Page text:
The Conservative Party’s landslide defeat teach us that Conservative Party worst-ever defeat indeed Britain’s Political Earthquake which takeaways from power to opposition.

The Conservative Party in the United Kingdom suffered its worst-ever defeat in the recent elections, losing to the Labour Party, led by Sir Keir Starmer. The British party system may be fragmenting but voters delivered a coherent message. Several factors contributed to this loss, including Long tenure; The Conservative Party had been in power for 14 years, making it difficult for them to secure a fifth consecutive election victory; Divisive policies: The party implemented austerity measures, navigated the divisive Brexit, and faced challenges during the pandemic and the Ukraine war. Unpopular leadership; Prime Ministers Boris Johnson and Liz Truss made unpopular decisions that alienated voters. Johnson’s staff held lockdown parties during the pandemic, and Truss’s mini-budget was seen as disastrous; Split on the right: The emergence of the Reform Party, led by Nigel Farage, split the right-wing vote and took 14% of the vote, damaging the Conservative Party; Anti-incumbency sentiment: Across Europe, there is an anti-incumbency trend, which affected the Conservative Party as the incumbent party in the UK. Some more reasons that contributed to the Conservative Party’s loss in the UK general election; The Conservative Party’s handling of Brexit led to rising living costs, shrinking household budgets and skyrocketing accommodation prices, which lost them support; The Conservative Party’s confusing and ineffective immigration policies lost them support among their voters; The Conservative government’s response to the COVID-19 pandemic, including the initial strategy and the handling of lockdowns, was heavily criticized; The deterioration of the UK’s National Health Service (NHS) under the Conservative Party’s rule was seen as a broken promise; The Conservative Party’s handling of the economy and the rising cost of living was criticized for favoring the wealthy and not doing enough for the broader population; Liz Truss’s mini-budget caused financial turmoil and damaged public trust in the Conservative Party; Rishi Sunak’s perceived wealth and lack of political charisma made him seem out of touch with ordinary people and unable to make strong, decisive decisions; No British political party has ever won a fifth successive term in office, and voters were ready for a change; British politics tends to work in cycles, with the two main parties usually getting a run of between 10 to 15 years before the public votes in the opposition. No British government has ever won five consecutive election victories on the bounce. So the odds were stacked against them. On top of which, they’d been very difficult years, and had a period of austerity, which saw big cuts to public services. The UK had Brexit, which was obviously terribly divisive. And then, in the wake of the pandemic and the Ukraine war, had bad inflation, the cost of living crisis and further strain on public services. On top of that, the UK had two prime ministers, Boris Johnson and Liz Truss, who alienated the public. Boris Johnson by holding – his Downing Street staff holding lockdown parties during the COVID pandemic, having set a rule for everybody else – his people didn’t obey themselves. And then Liz Truss, who was very briefly prime minister, held a disastrous mini-budget, which shattered the Conservatives’ reputation for economic confidence. So all of those things together meant that the country was just fundamentally sick of them. It certainly didn’t help that you had this split on the right, which ate terribly into their vote.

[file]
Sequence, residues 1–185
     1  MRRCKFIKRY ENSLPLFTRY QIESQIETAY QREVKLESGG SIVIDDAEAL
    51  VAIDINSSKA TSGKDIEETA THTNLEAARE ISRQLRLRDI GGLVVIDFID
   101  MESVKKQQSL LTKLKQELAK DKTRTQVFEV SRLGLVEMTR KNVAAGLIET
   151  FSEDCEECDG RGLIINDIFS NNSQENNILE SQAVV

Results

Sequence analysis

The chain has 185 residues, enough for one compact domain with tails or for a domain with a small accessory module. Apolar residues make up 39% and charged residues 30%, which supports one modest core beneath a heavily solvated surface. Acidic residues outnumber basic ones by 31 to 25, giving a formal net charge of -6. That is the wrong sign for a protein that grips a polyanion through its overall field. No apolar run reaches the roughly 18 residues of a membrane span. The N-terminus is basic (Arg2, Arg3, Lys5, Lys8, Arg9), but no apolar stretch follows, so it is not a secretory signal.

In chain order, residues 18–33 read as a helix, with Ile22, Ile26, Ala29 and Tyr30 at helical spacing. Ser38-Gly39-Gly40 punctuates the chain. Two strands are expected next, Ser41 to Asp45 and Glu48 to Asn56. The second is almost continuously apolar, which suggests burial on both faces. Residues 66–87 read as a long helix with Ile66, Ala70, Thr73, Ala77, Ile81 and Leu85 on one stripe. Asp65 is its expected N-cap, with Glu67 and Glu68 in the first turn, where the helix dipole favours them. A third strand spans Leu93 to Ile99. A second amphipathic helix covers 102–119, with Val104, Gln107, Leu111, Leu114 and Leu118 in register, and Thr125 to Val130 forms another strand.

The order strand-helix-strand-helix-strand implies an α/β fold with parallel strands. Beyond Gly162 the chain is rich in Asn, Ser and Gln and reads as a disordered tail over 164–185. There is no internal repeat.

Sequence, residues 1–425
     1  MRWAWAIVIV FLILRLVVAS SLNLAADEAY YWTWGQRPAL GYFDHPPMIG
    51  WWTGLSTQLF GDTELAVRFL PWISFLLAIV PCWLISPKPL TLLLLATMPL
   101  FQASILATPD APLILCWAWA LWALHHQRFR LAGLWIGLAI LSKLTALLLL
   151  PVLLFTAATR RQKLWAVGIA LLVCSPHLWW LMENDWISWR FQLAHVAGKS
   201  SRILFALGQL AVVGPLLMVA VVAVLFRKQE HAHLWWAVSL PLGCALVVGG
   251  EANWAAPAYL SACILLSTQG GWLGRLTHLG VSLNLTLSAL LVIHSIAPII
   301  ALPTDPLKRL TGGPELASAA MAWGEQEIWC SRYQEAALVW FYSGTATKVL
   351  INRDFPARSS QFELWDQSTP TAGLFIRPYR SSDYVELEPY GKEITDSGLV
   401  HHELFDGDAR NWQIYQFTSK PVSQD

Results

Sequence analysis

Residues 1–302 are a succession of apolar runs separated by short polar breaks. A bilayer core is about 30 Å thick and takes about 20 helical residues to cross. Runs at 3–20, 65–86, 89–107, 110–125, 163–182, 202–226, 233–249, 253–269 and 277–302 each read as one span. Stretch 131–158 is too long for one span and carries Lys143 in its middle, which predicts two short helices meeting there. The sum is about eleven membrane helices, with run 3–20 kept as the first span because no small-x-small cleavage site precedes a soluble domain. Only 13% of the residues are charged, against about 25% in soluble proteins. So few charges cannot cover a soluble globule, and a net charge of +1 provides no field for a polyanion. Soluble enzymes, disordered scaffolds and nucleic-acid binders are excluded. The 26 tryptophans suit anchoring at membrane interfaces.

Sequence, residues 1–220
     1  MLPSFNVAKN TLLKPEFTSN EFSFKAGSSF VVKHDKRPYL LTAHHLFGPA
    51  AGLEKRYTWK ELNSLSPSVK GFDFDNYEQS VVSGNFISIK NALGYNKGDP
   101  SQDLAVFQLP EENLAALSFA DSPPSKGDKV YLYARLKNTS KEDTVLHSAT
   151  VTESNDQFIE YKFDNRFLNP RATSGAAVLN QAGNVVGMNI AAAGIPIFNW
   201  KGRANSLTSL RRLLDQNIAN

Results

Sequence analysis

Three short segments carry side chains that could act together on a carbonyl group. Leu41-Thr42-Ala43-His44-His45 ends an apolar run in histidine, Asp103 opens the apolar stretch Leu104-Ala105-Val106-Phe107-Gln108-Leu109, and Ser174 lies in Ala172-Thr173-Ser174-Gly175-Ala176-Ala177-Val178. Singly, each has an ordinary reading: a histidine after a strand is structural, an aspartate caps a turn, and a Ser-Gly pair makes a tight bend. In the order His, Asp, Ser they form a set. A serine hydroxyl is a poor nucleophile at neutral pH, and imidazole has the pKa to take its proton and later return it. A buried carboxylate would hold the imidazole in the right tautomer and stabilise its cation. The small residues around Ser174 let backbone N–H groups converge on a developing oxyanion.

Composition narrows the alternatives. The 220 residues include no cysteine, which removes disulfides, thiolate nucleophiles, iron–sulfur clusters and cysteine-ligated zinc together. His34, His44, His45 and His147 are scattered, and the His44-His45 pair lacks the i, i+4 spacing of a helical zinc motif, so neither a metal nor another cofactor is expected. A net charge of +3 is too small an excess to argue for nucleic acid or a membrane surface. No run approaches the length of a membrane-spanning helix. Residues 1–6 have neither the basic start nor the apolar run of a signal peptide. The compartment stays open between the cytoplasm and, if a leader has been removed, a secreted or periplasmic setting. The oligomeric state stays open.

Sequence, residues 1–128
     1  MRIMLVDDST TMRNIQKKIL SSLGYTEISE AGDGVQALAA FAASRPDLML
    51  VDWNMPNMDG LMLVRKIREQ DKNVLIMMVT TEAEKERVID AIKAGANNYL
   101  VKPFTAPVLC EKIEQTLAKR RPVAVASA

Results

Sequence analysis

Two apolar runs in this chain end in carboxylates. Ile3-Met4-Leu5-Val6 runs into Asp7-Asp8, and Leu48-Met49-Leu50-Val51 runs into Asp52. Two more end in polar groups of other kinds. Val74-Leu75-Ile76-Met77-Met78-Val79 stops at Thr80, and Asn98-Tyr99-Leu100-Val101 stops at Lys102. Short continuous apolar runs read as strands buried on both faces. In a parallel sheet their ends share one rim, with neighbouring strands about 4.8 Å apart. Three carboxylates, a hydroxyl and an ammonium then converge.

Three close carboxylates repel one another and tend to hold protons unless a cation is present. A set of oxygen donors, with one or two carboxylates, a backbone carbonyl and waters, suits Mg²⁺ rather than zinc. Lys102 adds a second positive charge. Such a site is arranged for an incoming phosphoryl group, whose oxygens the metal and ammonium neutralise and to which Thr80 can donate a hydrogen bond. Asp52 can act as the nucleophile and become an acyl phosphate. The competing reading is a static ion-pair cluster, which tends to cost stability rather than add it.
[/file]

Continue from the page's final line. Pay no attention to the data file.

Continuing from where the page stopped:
Historically, in Britain, there has only really been one important party of the right, and that’s the Conservatives. Whereas, the parties of the left have been split between the Labour Party and the Liberal Democrats in particular. Well, this time, there was a major party of the right, which took 14% of the vote and did untold damage to the Conservative Party across the country. The question that’s not entirely clear and we’ll only begin to understand in the months ahead is whether that’s a permanent feature now or whether that was simply a manifestation of the anger felt by former conservatives, and those people might over time be coaxed back. The point is that there’s been an anti-incumbency element to what’s going on across Europe, and obviously, the incumbents in Britain were the Conservatives. Therefore, the natural alternative historically has always been the Labour Party. The question now is whether Britain’s Conservative Party, which has been a broad coalition of right-wing groups or sort of moderate right moving rightwards – whether that now becomes more like some of the parties that you’re seeing in the European Union or, indeed, in the Republican Party in America, whether they move towards being that more nationalistic radical right grouping or whether they attempt to stay as a sort of broad coalition. There will be a big debate now that the Conservative Party has lost a lot of leaders in this election. So a lot of people who might have been potential leadership contenders have lost their seats. There will be a big debate as to the real causes of their defeat. Those on the right will argue that they lost because they opened up space for Nigel Farage. They betrayed conservative principles, and they needed to get back to them and take his votes from him. Others in the mainstream will say they essentially lost because they lost their reputation for competence, for governing well and because people in Britain were not feeling better off. That’s the debate that’s got to be had. And, of course, there’s a bit of truth in both. Fundamentally, they lost because the country thought they were doing a very bad job and was fed up with them. But that debate will focus on which way they go in terms of their future leadership and, obviously, their future direction more generally. The UK’s Conservative Party’s worst-ever defeat offers several lessons that long tenure in power can lead to arrogance and disconnect from voters’ concerns; Polarizing decisions like Brexit and austerity measures can alienate significant voter segments; Unpopular leaders can harm the party’s image and electoral chances; Failure to address economic woes and inequality can erode voter trust; Scandals and perceived corruption can significantly damage a party’s reputation; Failing to acknowledge and address voter dissatisfaction can lead to electoral defeat; Parties must evolve and respond to changing public sentiments and needs to remain relevant; Infighting and ideological splits can weaken a party’s electoral prospects; A strong and united opposition can capitalize on the ruling party’s weaknesses and win elections; and voters can punish parties that become too comfortable or out of touch, ensuring accountability and fresh perspectives in government. This highlights the significance of the event, emphasizes the lessons that can be learned from it, and invites readers to explore the insights and implications of the Conservative Party’s historic defeat in the UK election. The Conservative Party’s landslide defeat teaches us that the Conservative Party’s worst-ever defeat is indeed Britain’s Political Earthquake which takes away from power to the opposition.